• To read Nancy Sylvester's entire series, click on her author name or here to see a list of her columns.
Because of my ministries I have never lived near relatives or my grade school friends as their children grew up. Recently my cousin moved to Lansing, Michigan, not too far from Detroit. One of her many grandchildren was making his first Holy Communion, and I was invited to attend. I accepted, and as I drove on this beautiful Saturday morning I found myself filling up with tears.
The night before I was catching up with reading a few TIME magazines. What I read caused a painful juxtaposition for me. First, was the picture of these 7- and 8-year-old girls dressed in white dresses and the boys dressed in good looking suits receiving for the first time the Eucharist. They are surrounded by their parents and other relatives wishing to celebrate with them. Second, was the picture the TIME articles painted for me of 7- and 8-year-old girls and boys being used as suicide bombers for the Boko Haram, as well as girls of this age alongside their mothers, grandmothers and infant sisters being brutally raped and assaulted by soldiers in South Sudan (in issues dated April 25 and April 18, respectively).
I couldn't stop seeing all of these children and feeling both the joy and the incredible horror and pain that are part of their lives. Yet, as I took a long, loving look at this reality I saw that all of this is part of making one's First Holy Communion. When we take the Eucharist for the first time we are becoming part of the larger community in a more intimate way. Whether we are fully aware of it or not, we are saying that we are willing to grow into the person God desires us to be. We are setting ourselves on a path toward "wholeness" or holiness which will invite us to embrace the brutal realities that are part of our world and the remnants of such violence that live within us. We are committing ourselves to live in communion with all life; which is to live in solidarity with the oppressed, excluded and exploited, and to help sustain our Earth home.
When we eat the bread and drink the wine we are receiving Christ and becoming Christ for others. Theologian, Cynthia Moe-Lobeda writes that the actual presence of Christ so changes a person that he/she is made one with the others, creating active love which seeks the common good of all.
We actually become a new body, Christ's body. Listen to the words of Beatrice Bruteau:
"Here is bread, the fundamental food, our body. If I break it, so, and give it to you, saying 'This is my body, my life, eat it, receive it into yourself and live by it,' can you perceive how this is really true? . . . What was my body will be your body. . . . Let us do it with the wine, too. . . . Drink it and live! It is a single cup; share it among you. It is a common life among us all. . . . . And do you see what happened? We have come together in our sharing, in our indwelling, in such a way that we form a new being composed of us as its limbs and organs. This is the kingdom of God. . . ."
We are the mystical Body of Christ opening ourselves to the transforming power of love. Our first Holy Communion set us on a path to a radically different way of living everyday life. Given the realities facing us it may seem, as Moe-Lobeda writes, "that communities of faith are called to the seemingly impossible — called to justice-seeking love in a world of structured injustice — then life with God must offer the moral-spiritual power to heed the call."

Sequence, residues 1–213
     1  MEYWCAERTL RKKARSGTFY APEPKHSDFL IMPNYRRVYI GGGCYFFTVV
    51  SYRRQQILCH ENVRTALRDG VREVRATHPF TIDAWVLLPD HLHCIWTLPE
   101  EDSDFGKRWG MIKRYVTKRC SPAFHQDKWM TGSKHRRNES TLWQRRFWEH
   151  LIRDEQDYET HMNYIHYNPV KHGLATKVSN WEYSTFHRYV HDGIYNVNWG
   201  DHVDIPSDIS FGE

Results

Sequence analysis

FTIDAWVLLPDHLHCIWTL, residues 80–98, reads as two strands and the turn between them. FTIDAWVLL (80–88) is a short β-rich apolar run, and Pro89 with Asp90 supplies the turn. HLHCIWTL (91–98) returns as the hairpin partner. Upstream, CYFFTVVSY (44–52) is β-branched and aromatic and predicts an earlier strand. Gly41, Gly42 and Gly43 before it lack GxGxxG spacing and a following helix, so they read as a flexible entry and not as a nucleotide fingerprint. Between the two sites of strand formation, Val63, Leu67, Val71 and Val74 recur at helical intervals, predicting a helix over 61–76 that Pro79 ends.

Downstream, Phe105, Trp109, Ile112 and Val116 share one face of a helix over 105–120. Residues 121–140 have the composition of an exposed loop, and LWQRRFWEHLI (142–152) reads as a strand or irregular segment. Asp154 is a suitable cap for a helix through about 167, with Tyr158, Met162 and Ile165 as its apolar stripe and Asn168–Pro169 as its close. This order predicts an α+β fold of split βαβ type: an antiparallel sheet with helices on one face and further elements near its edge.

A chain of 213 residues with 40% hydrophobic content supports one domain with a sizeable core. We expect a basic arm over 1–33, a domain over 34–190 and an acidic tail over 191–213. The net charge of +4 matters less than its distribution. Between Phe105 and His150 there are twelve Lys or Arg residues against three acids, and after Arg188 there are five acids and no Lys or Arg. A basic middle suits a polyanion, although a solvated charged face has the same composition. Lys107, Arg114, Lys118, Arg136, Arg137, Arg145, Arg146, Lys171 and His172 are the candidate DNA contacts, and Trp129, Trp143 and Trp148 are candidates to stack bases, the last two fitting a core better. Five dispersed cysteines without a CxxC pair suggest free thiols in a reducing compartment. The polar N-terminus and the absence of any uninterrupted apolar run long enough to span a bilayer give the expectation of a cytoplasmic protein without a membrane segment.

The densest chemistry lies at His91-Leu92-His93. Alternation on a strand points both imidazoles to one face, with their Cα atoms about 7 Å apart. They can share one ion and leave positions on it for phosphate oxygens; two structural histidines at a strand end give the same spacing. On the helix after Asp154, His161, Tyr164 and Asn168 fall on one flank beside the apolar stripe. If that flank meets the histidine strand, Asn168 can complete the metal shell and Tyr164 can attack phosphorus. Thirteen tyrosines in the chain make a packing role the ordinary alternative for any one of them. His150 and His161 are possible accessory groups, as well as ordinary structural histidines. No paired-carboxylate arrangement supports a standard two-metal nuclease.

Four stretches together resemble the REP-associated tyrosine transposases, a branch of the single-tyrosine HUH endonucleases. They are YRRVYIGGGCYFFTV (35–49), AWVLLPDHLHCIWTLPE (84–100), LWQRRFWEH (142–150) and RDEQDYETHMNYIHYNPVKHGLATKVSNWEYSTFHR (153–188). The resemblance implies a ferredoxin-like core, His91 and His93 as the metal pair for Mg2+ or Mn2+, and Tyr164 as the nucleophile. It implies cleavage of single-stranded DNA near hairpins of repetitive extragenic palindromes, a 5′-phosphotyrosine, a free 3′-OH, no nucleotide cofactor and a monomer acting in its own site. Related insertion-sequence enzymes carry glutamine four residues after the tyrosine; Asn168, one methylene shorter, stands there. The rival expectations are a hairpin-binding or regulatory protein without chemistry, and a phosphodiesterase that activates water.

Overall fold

The structured injustice of war, violence, sexual exploitation of women and girls, and the rape of Mother Earth at times seems overwhelming. Yet we stand facing these injustices not in despair but in hope.
As I drove that Saturday morning, Pierre Teilhard de Chardin's Mass of the World flashed before me. In that powerful prayer, when Teilhard finds himself in the steppes of Asia without bread, wine or altar, he makes the whole Earth his altar and offers up all the labors and sufferings of this world. Having seen enough violence during World War I, Teilhard gathered into his prayer the "restless multitude, confused or orderly, the immensity of which terrifies us; this ocean of humanity whose slow, monotonous wave-flows trouble the hearts of even of those whose faith is most firm. . . ."
Today I believe we bring all those who perpetrate violence as well as all the victims to our communion table. We stand in communion with them, for them. We believe as Teilhard that what is God's desire "is nothing less than the growth of the world borne ever onwards in the stream of universal becoming." In his offering of the bread and wine he sees in its depths "a desire, irresistible, hallowing, which makes us cry out believer and unbeliever alike: 'Lord, make us one.'"
I suspect it is a bit much to expect 7- and 8-year-olds to receive their first Holy Communion aware of all of this. If I'm honest, I'm not always aware either. It makes me wonder if perhaps every celebration of the Eucharist is actually one's first Holy Communion. It is the "I" of this present moment who recommits her/his self to the transforming power of Christ, who surrenders to the living God within and offers her/his self to others and the world. Let us pray every day: Behold, this is, we are, the Body of Christ.
[Nancy Sylvester, IHM, is founder and director of the Institute for Communal Contemplation and Dialogue. She served in leadership of her own religious community, the Sister Servants of the Immaculate Heart of Mary, Monroe, Michigan as well as in the Presidency of the Leadership Conference of Women Religious. Prior to that she was National Coordinator of NETWORK, the national Catholic social justice lobby.]
To read Nancy Sylvester's entire series, click on her author name above or click here to see a list of her columns.
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